Leveraging EVFTA to Boost Coffee Export Growth
|Since the EU - Vietnam Free Trade Agreement (EVFTA) took effect, Vietnam's coffee industry has continuously boosted exports to the EU as many businesses have taken good advantage of this opportunity.
Production decreased but value increased
In 2023, Vietnam sees positive sign in domestic and export coffee prices. In particular, there was a time when the domestic coffee price increased and left the record mark of VND 70,000/kg. Currently, domestic coffee prices are fluctuating around VND 64,000 - 65,000/kg. This has been a high price for many years.
Do Ha Nam - Vice President of the Vietnam Coffee-Cocoa Association (VICOFA) said that although prices have increased, in some provinces in the Central Highlands, the amount of coffee reserves is very small due to crop failure leading to scarce supply, mainly the reserves are for export to signed contracts.
Reduced supply leads to businesses not being able to buy goods or buy less in quantity. Therefore, many contracts with delivery time in August and September have not yet been delivered.
“For the first time in history, in May and June, Vietnam ran out of coffee. Many businesses have signed contracts but have no goods to deliver", Mr. Do Ha Nam shared. However, it is predicted that from November onwards, when the harvest begins, coffee prices will fluctuate around VND 50,000/kg. At this price, farmers also made a profit.
Although output has declined sharply, export coffee prices have increased, helping this industry set a new record. Statistics from the General Department of Customs show that the first 9 months of this year were at 1.25 million tons, earning more than USD 3.1 billion, lower than 8.3% compared to the same period in 2022, but turnover increased by 0.7% higher than the same period last year.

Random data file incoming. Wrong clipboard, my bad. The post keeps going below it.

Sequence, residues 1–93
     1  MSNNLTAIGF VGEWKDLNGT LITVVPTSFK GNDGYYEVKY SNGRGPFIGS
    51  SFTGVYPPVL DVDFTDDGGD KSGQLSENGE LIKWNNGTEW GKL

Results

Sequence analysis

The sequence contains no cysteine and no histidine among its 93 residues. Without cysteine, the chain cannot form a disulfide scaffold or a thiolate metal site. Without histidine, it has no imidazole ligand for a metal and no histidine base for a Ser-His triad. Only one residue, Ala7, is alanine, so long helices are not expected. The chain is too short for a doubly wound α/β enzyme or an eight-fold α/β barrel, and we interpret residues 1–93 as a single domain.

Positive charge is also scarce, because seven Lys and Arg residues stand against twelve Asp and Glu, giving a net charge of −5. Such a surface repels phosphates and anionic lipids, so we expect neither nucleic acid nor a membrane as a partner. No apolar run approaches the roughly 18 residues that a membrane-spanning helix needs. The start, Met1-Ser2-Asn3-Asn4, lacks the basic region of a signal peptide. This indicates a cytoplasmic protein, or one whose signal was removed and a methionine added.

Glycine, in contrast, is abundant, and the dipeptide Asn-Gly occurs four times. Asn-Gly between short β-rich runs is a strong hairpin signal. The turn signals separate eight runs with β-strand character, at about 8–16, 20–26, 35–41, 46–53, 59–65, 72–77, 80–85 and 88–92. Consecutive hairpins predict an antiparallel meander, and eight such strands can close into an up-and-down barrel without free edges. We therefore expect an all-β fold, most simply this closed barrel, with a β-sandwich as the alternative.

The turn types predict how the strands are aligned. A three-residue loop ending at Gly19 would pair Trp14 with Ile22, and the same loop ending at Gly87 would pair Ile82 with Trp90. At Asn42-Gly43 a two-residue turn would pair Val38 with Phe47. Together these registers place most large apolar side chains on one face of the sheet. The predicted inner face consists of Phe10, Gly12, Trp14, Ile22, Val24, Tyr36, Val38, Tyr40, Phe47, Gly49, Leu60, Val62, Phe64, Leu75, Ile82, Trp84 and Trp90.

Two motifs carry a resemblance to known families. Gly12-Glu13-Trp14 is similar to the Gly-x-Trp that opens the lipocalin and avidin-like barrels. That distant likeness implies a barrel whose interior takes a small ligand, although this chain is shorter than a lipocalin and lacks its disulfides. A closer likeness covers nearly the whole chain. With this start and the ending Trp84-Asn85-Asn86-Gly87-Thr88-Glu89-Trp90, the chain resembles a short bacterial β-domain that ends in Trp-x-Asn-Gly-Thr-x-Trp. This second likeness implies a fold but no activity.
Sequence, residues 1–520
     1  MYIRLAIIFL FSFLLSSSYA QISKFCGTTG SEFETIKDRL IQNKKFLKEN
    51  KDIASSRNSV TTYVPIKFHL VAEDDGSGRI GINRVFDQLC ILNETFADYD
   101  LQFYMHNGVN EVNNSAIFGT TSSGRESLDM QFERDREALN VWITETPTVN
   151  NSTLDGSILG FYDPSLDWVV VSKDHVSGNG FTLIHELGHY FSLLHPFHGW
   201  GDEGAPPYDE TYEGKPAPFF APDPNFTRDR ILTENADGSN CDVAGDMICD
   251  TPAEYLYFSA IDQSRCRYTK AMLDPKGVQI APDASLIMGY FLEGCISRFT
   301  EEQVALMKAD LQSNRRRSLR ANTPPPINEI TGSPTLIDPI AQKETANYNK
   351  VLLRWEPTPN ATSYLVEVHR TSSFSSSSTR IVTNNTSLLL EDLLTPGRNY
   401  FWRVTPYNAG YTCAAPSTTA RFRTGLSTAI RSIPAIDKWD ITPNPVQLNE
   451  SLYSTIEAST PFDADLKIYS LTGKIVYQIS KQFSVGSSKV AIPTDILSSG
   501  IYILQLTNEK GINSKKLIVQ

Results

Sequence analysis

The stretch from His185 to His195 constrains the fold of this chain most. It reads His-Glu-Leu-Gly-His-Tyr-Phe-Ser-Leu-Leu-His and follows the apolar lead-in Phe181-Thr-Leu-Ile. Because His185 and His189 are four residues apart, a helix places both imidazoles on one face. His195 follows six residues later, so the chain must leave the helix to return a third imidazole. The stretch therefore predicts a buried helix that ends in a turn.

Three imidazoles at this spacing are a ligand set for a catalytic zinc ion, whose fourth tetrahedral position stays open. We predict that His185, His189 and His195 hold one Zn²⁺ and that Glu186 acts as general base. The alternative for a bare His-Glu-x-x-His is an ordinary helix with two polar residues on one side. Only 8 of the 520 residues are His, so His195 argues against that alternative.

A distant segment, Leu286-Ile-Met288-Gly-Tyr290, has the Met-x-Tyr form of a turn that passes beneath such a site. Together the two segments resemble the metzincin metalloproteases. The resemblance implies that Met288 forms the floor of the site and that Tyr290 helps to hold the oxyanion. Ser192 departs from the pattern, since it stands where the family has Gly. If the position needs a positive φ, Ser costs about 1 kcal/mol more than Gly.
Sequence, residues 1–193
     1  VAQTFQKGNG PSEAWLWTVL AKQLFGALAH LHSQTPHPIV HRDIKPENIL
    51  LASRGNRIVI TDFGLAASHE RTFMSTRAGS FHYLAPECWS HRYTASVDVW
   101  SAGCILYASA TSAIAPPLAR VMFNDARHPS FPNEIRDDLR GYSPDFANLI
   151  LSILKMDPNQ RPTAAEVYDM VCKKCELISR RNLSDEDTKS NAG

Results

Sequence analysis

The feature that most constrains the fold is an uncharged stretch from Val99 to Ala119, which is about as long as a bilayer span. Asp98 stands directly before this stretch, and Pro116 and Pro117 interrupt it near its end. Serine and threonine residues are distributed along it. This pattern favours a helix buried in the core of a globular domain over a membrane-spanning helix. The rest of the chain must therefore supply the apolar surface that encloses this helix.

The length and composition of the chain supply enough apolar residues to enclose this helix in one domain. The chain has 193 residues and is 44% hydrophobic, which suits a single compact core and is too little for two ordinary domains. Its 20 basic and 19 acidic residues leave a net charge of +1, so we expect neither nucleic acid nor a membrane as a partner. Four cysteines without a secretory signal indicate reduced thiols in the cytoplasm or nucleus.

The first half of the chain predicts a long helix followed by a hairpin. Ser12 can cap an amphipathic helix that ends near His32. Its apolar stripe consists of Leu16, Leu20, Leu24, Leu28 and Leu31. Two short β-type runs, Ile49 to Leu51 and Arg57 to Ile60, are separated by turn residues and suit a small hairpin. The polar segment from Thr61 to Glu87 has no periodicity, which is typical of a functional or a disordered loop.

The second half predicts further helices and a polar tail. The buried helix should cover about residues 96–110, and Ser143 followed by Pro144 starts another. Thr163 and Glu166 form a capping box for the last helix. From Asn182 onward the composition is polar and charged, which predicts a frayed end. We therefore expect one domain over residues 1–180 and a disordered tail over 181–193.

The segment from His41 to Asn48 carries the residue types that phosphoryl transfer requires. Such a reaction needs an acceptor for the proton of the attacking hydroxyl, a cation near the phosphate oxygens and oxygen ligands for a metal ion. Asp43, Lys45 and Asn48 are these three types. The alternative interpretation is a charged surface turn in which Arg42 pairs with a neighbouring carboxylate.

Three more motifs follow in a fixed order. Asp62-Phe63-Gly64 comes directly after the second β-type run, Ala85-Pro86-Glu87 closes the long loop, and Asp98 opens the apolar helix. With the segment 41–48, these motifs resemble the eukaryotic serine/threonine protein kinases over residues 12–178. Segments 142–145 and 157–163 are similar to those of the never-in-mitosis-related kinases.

Regarding consumption markets, the European Union (EU) is still Vietnam's largest coffee export market, accounting for nearly 40% of Vietnam’s total coffee export volume.
Taking advantage of EVFTA
Since EVFTA took effect (August 1, 2020), Vietnam's coffee industry has continuously boosted exports to the EU. Huynh Ngoc Duong, Deputy Director of the Department of Industry and Trade of Dak Lak province said that in the past, it was tough for Dak Lak to register coffee for geographical indication protection. Thanks to the EVFTA, all 27 member countries have recognized the protection of geographical indications of coffee. When implementing EVFTA, businesses have taken advantage of instant coffee exports, and export value is increasing.
Having investment experience in the coffee industry and taking advantage of FTAs for export, Mr. Phan Minh Thong, Chairman of Phuc Sinh Group, said that Vietnam is a highly open economy, participating in many FTAs forcing businesses to change a lot, from investment thinking, production, to management to compete with global businesses coming to Vietnam to set up manufacturing plants.
Phuc Sinh Group's strategy is to invest heavily in the processing of agricultural products, especially coffee and pepper. Currently, this business is investing in a deep spice processing line to be able to make crushed products, roasted and soluble products, taking advantage of 0% tax under EVFTA.
Vice President of VICOFA Do Ha Nam commented that Vietnam currently ranks second in the world in coffee exports. Particularly for robusta coffee, Vietnam accounts for 50% of the global supply. In recent years, the growth rate of Vietnam's coffee industry has witnessed a rapid increase. From a country without consumers, Vietnam is now one of the coffee exporting powers.
For the EU market, Nam said, coffee is an essential commodity. However, this market is also increasingly demanding high-quality coffee. Accordingly, the EU's tightening of pesticide residue regulations for beans, including coffee at 0.1 mg/kg, is also a challenge, requiring farmers to adjust production methods for export activities. The EU regulations on combating deforestation and forest degradation take effect from 2023 and will be implemented by December 31, 2024. At that time, the EU will not import seven products grown in deforested areas, including rubber coffee, palm oil... These are the difficulties that the Vietnamese coffee industry is facing.
In that context, to take advantage and increase exports, besides investment in deep processing, Vietnamese businesses must change management systems and make creative operations to create suitable products that can compete with an open market.
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